I am not anti vaccine at all, but I do really question the validity of pushing things such as the flu vaccine and gardasil. The flu vaccine effectiveness is usually under 50%, and the powers that be push it like its eradicating the flu altogether. I agree those that are elderly and at high risk for complications should receive it, but that's it. As far as gardasil is concerned, how about promote regular exams and PAP's by a gynecologist? Vaccines such as MMR and others are necessary, but I feel as if the flu vaccine and gardasil is more about making money. And no, I do not voice my personal beliefs to patients.
    The flu vaccine overall effectiveness is around 40-70%. Different strains in the flu vaccine have different effectiveness rates with some routinely being 80-90%. It also is a matter of age. Young healthy adults will have much higher effectiveness rates than geriatrics, but effectiveness rates are often quoted as the average for all flu strains and ages together. As healthcare professionals is extremely important for us to get flu vaccine since it has the highest possibility to be most effective in our age category, and it protects our patients who are least likely for the flu vaccine to be effective.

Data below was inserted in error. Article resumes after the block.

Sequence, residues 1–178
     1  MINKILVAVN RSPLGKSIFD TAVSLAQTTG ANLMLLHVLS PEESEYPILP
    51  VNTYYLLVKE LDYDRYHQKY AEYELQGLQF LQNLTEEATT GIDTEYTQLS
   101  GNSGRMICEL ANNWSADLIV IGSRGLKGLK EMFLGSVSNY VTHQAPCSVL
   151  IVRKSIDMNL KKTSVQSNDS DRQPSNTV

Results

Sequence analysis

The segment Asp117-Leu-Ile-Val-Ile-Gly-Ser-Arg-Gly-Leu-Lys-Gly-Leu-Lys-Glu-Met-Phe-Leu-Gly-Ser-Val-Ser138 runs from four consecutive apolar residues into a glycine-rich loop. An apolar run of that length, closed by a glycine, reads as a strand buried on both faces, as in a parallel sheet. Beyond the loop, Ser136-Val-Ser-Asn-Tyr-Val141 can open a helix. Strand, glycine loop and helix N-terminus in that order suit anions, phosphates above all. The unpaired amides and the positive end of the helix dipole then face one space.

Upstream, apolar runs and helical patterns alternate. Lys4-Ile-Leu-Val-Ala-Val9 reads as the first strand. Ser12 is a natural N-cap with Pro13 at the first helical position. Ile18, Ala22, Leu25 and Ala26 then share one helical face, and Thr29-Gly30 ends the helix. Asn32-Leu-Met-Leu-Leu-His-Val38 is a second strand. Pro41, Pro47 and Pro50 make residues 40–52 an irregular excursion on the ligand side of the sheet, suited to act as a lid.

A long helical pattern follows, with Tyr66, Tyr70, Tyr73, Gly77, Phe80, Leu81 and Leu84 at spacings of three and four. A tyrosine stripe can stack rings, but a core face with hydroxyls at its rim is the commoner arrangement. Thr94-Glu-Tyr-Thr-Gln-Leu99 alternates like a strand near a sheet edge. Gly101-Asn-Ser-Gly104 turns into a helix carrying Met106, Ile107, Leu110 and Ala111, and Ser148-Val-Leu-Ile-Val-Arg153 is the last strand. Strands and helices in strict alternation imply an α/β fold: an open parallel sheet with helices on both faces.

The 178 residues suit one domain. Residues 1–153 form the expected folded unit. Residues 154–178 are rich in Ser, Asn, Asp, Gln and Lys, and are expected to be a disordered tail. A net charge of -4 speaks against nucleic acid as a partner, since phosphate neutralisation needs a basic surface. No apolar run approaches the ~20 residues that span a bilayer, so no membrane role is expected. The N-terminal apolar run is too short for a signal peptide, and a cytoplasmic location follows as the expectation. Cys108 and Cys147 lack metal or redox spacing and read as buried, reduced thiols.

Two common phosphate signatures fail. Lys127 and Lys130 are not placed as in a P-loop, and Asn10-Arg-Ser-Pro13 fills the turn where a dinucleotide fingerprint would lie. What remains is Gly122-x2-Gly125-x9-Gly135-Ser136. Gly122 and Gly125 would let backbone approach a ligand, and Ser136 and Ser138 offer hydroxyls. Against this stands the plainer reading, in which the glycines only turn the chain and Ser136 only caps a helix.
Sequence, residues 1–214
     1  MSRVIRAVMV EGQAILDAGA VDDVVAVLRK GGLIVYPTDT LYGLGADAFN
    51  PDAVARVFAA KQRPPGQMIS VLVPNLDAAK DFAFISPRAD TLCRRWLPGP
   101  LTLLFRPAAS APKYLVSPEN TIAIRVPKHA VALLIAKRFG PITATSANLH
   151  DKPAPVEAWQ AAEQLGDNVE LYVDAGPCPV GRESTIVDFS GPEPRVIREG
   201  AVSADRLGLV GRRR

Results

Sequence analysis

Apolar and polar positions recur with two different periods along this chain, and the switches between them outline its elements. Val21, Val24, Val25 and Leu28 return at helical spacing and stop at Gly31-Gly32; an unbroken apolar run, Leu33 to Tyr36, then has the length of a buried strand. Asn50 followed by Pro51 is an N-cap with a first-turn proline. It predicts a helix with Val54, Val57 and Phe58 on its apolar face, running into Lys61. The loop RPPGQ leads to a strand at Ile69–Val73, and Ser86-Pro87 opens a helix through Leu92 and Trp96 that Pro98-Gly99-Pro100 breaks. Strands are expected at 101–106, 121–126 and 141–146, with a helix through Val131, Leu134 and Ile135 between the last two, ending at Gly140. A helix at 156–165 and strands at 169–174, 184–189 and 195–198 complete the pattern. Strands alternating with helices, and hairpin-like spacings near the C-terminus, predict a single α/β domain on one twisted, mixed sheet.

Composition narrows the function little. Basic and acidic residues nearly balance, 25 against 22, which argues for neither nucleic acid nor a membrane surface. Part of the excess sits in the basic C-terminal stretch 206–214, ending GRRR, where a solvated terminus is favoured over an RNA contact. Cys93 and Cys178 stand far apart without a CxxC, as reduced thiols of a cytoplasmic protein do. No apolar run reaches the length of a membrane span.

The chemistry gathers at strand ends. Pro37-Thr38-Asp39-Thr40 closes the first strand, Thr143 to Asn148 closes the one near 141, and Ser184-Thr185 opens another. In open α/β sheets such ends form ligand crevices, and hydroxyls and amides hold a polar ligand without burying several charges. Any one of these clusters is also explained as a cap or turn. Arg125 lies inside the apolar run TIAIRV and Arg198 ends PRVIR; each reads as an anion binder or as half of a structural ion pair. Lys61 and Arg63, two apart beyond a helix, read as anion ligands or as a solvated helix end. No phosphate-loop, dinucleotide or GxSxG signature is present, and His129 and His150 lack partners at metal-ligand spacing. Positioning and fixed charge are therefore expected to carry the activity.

The HPV vaccines are necessary to prevent certain cancers such as cervical, penis, and throat. Approximately 1 in 4 Americans are HPV positive. There are no amount of regular paps and gyn visits are going to be anywhere near as effective as getting the HPV vaccine. The HPV vaccine is effectively the cure most HPV caused cancers. A Pap smear will do nothing but catch cancer/abnormal cell hopefully before it spreads. Also, children can catch HPV through the vagina. I have had to anestheisize young adults repeatedly for vocal cord nodules/Papillomas from HPV they caught from their mother. You can also catch HPV as healthcare worker by being exposed to laser fumes during wart removal from warts caused by HPV.
  4. by   wtbcrna